Theatre / autism

Review: The Curious Incident of the Dog in the Night-Time, Hippodrome

By shane morgan, Wednesday Jun 14, 2017

Unless you have chosen to live on a desert island and didn’t select Mark Haddon’s novel as your reading matter, you would be hard pressed to find anyone who hasn’t heard of or encountered the Curious Incident phenomenon.

Published in 2003, Mark Haddon’s novel became an overnight success and an international hit. The subsequent stage version opened at the National Theatre in 2012 and since then has been a significant fixture on the theatrical landscape. And, once seen, you can understand why.

The story centres around 15-year-old Christopher Boone (Scott Reid) and his discovery of a brutally murdered Wellington, his neighbour’s dog. The story unfolds into a family-centered drama that sees Christopher split between finding the murderer and getting caught between his father and the truth about his mother.

The tale is full of heart, and it is through craftsmanlike skill that writer Mark Haddon has managed to balance multiple threads around a 15-year-old boy with autism. The story not only highlights Christopher’s very particular perception of the world: it also draws attention to how the world perceives him. without ever falling into cliché or stereotype.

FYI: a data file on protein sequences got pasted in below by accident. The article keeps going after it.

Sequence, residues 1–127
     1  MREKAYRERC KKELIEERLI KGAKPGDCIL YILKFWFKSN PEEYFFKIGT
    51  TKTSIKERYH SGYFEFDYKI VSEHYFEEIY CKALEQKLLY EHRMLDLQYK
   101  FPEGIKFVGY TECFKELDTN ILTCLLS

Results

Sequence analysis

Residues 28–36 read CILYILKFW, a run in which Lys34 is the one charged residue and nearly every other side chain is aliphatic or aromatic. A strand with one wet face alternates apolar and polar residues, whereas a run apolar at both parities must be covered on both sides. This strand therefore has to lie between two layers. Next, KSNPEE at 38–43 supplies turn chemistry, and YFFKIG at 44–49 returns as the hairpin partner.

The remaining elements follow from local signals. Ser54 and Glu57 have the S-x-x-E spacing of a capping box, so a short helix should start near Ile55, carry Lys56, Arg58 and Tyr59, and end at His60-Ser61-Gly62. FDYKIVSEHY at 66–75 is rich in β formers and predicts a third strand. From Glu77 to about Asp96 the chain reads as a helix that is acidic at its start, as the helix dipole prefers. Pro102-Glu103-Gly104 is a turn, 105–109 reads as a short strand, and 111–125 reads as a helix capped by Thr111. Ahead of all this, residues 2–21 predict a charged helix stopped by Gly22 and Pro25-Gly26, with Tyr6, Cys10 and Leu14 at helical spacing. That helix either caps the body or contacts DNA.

Simon Stephens’ stage adaptation is lovingly faithful to Haddon’s book. It is his attention to detail that gives the stage version its life, only slipping occasionally during an overly written first half. Marianne Elliot’s direction proves to be the triumph of the show. She effortlessly weaves together this episodic story through dynamic staging, beautifully crafted transitions and a multi-roling ensemble who never miss a beat.

This is a rare event; a story and a show that offers something for everyone.  Forget a star rating. This is a multiple-smiley-face-emoticon show.

The Curious Incident of the Dog in the Night-Time continues at the Hippodrome until Saturday, June 17. For more info and to buy tickets, visit

Read more: Preview: Kirk vs Ming, Wardrobe Theatre

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